Danish design is defined by the idea that furniture should be made to last, so that it can be cherished and passed down, whatever styles may come in or out of fashion.
I think that’s why mid century design continues to endure – not only were the designs incredibly well made and beautifully functional, they also had a simplicity to them that meant that they could fit seamlessly into any setting. I love the idea (if you are able to) of buying less but better, so that you can fill your home with meaningful objects that get even more beautiful with age. Then you’re less likely to keep replacing furniture and ultimately end up spending more in the long run.
I don’t think you always recognise the craftsmanship that goes into something until you understand the story behind that object. It was a real treat to step into the Carl Hansen & Son factory on the island of Funen in Denmark this month to get a behind-the-scenes look at how they make their iconic designs. The level of skill was awe-inspiring and it gave me a new appreciation for the mastery that often belies simple design.
[Ad – I was hosted in Copenhagen by Carl Hansen & Son on a press trip]
The trip began with a styling challenge in the Carl Hansen & Son flagship store in Copenhagen. You can see what Blue (@niblu.home) and I created with the 60th edition of the CH07 Shell Chair by Hans J. Wegner above. Available as an exclusive version in rosewood until December, the chair was first shown to the public in 1963 to mixed reviews before being relaunched in 1998. The curved shape of the chair looks instantly inviting – like a hug in chair form – which we balanced with three elegant Nesting Tables, alongside a collection of sculptural vases and soft, natural details. It helped give us a taster of the craftsmanship to come…
It was then a two and a half hour bus journey west to the island of Funen for a tour around the Carl Hansen & Son factory in Gelsted. Founded in 1908 by Danish cabinetmaker Carl Hansen, the Danish brand started out as a small furniture workshop in the city of Odense. Today they have 60,000 sqm of factory space with 400 cabinetmakers and members of staff working on different shifts. Almost all of Carl Hansen & Son’s furniture is still manufactured in Denmark, bar their outdoor furniture, which is made in their own factory in Vietnam. All of their wood is FSC-certified and the same two sawmills have been supplying them since the Fifties.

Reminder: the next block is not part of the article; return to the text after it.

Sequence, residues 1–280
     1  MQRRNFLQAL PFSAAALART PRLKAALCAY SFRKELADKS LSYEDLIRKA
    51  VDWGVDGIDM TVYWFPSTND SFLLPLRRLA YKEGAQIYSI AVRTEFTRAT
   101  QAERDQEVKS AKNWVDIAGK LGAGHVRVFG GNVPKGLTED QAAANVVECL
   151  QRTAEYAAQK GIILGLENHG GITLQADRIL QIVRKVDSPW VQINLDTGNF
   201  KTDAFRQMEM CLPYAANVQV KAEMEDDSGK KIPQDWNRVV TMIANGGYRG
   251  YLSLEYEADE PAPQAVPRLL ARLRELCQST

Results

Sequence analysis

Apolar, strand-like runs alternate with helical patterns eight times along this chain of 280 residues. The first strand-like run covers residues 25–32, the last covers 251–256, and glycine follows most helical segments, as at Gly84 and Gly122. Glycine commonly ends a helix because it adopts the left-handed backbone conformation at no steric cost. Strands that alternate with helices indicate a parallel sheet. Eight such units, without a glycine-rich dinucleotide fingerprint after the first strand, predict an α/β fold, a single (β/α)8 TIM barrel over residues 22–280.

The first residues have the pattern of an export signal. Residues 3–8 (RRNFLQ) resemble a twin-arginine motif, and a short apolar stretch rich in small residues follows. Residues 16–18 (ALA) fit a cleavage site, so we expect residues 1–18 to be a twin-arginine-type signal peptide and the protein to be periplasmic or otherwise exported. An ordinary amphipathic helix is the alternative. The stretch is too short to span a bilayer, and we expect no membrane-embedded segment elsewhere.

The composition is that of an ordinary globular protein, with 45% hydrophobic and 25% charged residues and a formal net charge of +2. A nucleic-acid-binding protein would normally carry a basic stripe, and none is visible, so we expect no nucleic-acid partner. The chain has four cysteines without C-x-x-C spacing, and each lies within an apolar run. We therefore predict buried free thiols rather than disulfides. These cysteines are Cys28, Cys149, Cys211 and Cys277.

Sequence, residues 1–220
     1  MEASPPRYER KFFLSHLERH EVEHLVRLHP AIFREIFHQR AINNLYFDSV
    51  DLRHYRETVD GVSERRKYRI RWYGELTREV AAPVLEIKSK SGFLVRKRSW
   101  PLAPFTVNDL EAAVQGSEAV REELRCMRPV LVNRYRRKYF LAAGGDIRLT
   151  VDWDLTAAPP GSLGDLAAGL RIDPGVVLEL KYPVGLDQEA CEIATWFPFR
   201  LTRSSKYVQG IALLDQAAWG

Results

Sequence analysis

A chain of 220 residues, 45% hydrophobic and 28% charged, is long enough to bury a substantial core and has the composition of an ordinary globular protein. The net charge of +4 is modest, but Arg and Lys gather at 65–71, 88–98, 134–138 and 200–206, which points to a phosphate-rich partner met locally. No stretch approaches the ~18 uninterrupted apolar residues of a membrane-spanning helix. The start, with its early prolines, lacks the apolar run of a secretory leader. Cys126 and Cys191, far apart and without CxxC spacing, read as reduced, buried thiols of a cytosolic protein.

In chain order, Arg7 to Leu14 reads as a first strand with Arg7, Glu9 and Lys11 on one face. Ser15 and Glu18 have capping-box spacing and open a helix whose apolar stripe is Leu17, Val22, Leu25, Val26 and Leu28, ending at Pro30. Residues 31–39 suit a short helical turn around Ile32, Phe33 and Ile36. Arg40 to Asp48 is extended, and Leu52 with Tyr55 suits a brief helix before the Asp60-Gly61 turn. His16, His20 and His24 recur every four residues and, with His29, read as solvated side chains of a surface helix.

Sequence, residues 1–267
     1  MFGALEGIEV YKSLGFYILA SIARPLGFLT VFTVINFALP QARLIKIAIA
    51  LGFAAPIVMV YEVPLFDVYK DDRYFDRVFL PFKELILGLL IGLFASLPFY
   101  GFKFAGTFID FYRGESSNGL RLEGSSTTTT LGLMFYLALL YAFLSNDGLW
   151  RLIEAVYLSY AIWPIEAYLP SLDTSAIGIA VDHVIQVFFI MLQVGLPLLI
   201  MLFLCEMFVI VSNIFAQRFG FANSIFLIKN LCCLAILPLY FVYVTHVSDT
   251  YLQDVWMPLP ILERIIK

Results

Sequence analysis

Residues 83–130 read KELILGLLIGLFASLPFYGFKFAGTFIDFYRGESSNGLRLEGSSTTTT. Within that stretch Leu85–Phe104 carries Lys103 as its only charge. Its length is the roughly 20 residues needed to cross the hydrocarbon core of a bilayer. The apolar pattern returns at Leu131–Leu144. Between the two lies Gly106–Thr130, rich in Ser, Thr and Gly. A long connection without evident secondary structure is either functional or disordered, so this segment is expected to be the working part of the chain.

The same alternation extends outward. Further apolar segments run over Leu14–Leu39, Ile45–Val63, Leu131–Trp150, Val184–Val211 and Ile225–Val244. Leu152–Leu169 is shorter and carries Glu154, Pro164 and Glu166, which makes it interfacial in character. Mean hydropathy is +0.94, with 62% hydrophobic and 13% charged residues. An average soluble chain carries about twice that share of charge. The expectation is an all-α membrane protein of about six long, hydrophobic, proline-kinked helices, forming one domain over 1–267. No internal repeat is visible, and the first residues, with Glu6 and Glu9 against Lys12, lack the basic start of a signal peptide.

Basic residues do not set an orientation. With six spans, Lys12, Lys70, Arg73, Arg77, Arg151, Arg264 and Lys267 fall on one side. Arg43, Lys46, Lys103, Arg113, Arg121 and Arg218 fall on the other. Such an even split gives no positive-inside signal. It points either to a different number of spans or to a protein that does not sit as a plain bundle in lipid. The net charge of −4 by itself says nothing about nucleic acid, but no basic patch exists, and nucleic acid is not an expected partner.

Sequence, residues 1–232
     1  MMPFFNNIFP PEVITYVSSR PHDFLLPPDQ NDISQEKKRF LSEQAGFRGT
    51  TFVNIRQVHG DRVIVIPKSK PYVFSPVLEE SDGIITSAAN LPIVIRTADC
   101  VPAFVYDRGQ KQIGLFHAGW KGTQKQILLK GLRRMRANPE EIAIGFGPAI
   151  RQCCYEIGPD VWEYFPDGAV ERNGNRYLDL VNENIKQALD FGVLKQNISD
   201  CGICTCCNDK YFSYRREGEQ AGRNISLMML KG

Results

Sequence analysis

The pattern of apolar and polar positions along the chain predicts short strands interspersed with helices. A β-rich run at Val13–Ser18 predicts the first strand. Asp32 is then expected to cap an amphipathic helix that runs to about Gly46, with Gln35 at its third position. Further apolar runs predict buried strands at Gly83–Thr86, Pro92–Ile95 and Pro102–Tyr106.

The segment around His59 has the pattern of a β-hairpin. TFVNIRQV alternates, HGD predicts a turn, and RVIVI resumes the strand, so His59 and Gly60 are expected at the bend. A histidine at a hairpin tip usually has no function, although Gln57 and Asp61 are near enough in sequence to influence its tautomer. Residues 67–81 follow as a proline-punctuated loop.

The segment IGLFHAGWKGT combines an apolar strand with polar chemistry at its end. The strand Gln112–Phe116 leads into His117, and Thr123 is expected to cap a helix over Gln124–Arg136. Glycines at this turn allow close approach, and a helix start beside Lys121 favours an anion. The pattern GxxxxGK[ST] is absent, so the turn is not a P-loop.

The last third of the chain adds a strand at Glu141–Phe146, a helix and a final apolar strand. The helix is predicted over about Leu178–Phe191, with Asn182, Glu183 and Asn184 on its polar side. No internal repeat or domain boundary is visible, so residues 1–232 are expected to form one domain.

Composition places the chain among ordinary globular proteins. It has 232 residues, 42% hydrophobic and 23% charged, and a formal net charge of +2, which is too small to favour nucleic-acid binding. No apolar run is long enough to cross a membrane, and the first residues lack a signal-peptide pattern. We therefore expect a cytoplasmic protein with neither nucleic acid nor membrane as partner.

Carl Hansen & Son’s ethos is all about preserving Danish design and traditional craftsmanship, while creating the new classics of tomorrow with contemporary designers. ‘Our goal: is to gather the best, most iconic modern furniture designs under one roof,’ they say. Carl Hansen & Son even has its own apprentice workshop, THE LAB, to help train young talent with the skills that have defined classic cabinetmaking. The modern apprenticeship takes three years and nine months, in which students learn different types of joints, sanding methods, weaving and CNC machine techniques.
The making of the Wishbone chair
Hans J. Wegner’s CH24 Wishbone chair is no doubt Carl Hansen & Son’s most famous design, if not the most recognisable piece of furniture to have come out of Denmark, capturing the very essence of Scandinavian design. Even if you don’t know the name, you’re likely familiar with the form, with that signature Y-shaped back and paper woven seat.
The chair has been in continual production for over 70 years since first being launched in 1950. It was Carl Hansen’s son Holger who first saw the potential in the then little-known designer and cabinetmaker Hans J. Wegner, commissioning him to design five chairs in 1949 (one of them going onto become what we now know as the Wishbone chair).
For the Wishbone chair, Wegner was inspired by portraits of Danish merchants sitting in wide, rounded chairs from the Chinese Ming Dynasty. The chair is formed of 14 different parts that take three weeks to prepare and assemble. The curved steam-bent top and back piece combine to create an open, comfortable form that has become a timeless icon of Danish design.
The production process involves 100 steps, from shaping the backrest, through sanding the legs to hand-weaving the seat. Each seat uses 150m of paper cord and can take over an hour to make. And let me tell you, it’s all so much harder than it looks! We got to have a go at some of the processes that go into making a Wishbone chair, and let’s just say, it’s best left to the professionals. Sanding requires a steady hand and an eye for detail, while the weaving process needs strength to create a tight formation that will hold and last for years and years to come. I’m truly in awe!
I hope you enjoyed this unique insight into Danish design manufacture. Now when I see a Wishbone chair, I don’t just see a beautiful chair, I see the hours of craftsmanship that went into it. It is undoubtedly an investment piece, one you might aspire to and save up for, but it’s also an investment in Danish craft and time-honoured skill.